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Popcorn or 'popping corn' is corn (maize) which expands from the kernel and puffs up when heated.

Corn is able to pop because, like sorghum,quinoa and millet, its kernels have a hard moisture-sealed hull and a dense starchy filling. This allows pressure to build inside the kernel until an explosive "pop" results. Some strains of corn are now cultivated specifically as popping corns. There are many techniques for popping corn. Commercial large-scale popcorn machines were invented by Charles Cretors in the late 19th century. Many types of small-scale home methods for popping corn also exist, with the most popular in the USA being prepackaged. Popcorn has both advocates and detractors. Depending on how it's prepared and cooked, some consider it to be a health food while others caution against it for a variety of reasons. Popcorn can also have non-food applications, ranging from holiday decorations to packaging materials.
Contents
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1 History 2 How popcorn pops

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2.1 Methods of popping 2.2 Expansion and yield

3 As a food

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3.1 Nutritional value 3.2 Health risks

4 Other uses 5 See also 6 References 7 Additional reading 8 External links

History
Popcorn was first discovered thousands of years ago by Native Americans in North America. It is one of the oldest forms of corn: evidence of popcorn from 3600 B.C. was found in New Mexico. The English who came to America in the 16th and 17th centuries learned about popcorn from the Native Americans. During the Great Depression, popcorn was comparatively cheap at 5-10 cents a bag and became popular. Thus, while other businesses failed, the popcorn business thrived and became a source of income for some struggling farmers. During World War II, sugar rations diminished candyproduction, causing Americans to eat three times more popcorn than they had before.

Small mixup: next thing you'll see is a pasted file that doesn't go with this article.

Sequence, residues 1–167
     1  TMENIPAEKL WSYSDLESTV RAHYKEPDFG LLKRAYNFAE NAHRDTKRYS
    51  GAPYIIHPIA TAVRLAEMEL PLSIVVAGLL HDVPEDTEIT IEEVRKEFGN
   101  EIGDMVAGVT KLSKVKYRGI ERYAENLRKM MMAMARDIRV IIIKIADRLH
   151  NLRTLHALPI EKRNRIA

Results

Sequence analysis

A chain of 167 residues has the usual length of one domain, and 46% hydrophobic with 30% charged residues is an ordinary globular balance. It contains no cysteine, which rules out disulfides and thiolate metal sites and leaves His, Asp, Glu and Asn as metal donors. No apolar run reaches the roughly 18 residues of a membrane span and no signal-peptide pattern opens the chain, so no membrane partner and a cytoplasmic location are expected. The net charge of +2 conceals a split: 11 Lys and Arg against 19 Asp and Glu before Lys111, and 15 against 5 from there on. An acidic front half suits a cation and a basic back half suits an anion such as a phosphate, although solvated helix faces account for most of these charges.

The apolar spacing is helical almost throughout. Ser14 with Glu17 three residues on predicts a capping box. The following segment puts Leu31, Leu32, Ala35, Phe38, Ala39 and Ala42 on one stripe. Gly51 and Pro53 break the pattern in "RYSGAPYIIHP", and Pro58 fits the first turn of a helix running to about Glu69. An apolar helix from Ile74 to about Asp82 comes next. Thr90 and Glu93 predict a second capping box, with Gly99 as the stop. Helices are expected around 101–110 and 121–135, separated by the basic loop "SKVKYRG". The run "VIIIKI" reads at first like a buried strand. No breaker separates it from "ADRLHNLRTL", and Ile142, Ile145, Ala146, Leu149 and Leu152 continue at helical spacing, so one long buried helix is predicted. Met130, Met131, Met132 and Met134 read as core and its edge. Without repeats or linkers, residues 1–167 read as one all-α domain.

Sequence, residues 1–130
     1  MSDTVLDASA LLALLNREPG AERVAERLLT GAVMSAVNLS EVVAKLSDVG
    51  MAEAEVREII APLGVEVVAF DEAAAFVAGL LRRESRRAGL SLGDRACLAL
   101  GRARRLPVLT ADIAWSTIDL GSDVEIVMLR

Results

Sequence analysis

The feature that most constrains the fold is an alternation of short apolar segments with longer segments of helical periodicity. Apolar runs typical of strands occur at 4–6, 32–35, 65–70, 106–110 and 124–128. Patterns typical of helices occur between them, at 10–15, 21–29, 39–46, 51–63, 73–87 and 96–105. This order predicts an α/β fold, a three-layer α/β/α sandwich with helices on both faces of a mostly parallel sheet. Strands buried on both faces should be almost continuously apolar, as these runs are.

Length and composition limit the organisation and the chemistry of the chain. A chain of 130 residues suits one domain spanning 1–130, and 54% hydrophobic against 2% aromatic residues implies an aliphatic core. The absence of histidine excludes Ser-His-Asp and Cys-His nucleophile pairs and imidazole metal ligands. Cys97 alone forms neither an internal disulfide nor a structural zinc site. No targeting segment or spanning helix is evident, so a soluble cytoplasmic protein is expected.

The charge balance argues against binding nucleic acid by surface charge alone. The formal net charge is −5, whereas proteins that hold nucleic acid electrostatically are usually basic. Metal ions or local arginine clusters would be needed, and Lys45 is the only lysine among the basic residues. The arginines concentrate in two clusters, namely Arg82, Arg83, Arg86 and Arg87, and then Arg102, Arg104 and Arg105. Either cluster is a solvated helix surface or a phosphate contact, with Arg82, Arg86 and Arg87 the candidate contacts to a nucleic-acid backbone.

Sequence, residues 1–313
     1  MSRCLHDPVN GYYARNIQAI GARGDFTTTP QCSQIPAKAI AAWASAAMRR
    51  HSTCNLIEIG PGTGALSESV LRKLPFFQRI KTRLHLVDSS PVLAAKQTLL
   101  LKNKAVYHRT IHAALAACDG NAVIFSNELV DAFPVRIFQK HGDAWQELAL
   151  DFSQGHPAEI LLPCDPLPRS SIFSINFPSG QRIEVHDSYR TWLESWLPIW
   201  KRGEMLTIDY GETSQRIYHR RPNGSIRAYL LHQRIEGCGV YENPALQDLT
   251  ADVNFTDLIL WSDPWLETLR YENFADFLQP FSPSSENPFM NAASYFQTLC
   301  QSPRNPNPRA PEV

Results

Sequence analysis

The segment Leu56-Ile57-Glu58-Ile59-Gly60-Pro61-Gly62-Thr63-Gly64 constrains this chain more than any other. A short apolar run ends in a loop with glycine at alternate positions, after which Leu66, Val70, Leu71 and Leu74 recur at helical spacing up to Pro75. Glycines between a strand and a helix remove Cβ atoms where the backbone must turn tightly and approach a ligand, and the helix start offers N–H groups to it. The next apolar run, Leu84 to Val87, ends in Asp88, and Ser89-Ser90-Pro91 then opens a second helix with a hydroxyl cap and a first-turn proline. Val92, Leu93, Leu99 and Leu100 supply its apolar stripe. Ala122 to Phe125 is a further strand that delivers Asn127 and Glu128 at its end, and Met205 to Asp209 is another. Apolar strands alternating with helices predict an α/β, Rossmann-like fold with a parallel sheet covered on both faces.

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that engine drove the gears. shaft. A wire connected to the top of the cooking pan allowed the operator to disengage the drive mechanism. unevenly cooked confection. A fire under a oiler created steam that drove a small engine. and the seal is released. he corn is poured into a large cast-iron canister.[ ] ˜ „ ” “ ‘  † „ ‰ˆ clarified utter.sometimes called a 'popcorn hammer' that is then sealed with a heavy lid and slowly turned over a curbside fire in rotisserie fashion. and dump popped corn into the storage i n eneath. hen a pressure gauge on the canister reaches a certain level. …  y ‡ … ” † † † ‡ ƒ„ – • … € „ „ „ … w ƒ yx Cret rs' i enti n introduced t e first ‚ tented steam-dri en opcorn machine that popped corn in oil. vendors popped corn holding a ire asket over an open flame. and salt. [ ][8][ ] ith a huge boom. and agita that stirred the corn and tor powered the attention-attracting clown ± the oasty Roasty an. all of the popcorn explodesat once Individual consumers can also buy and use speciali ed popping appliances that typically generate no more than a gallon of popped corn per batch. A very different method of popcorn-making can still e seen on the streets of some Chinese cities today. his mi ture could ithstand the 4 °F 2 2 °C) temperature „ ‡ ’ … — „ „ Previousl . he majority of popcorn sold for home consumption is now packaged for use in a microwave oven in apopcorn bag. dry. and is poured into the sack. as „ † d™ w . he Cretors' machine popped corn in a mi ture of one -third needed to pop corn and it did ithout producing much smoke. t o-thirds lard. it is removed from the fire. E haust from the steam engine was piped to a hollow pan elow the corn storage i n and kept freshly popped corn uniformly warm for the first time ever. Some of these appliances also accept a small volume of oil or melted butter to assist thermal transfer from a stationary heating element. but others are air poppers" which rapidly circulate heated air up through the interior. At e the result st. keeping the unpopped kernels in motion to avoid burning and blowing the popped kernels out through the chute. lift the cover.a hot. [ ] An in-home hot-air popcorn maker. a large canvas sack is put over the lid.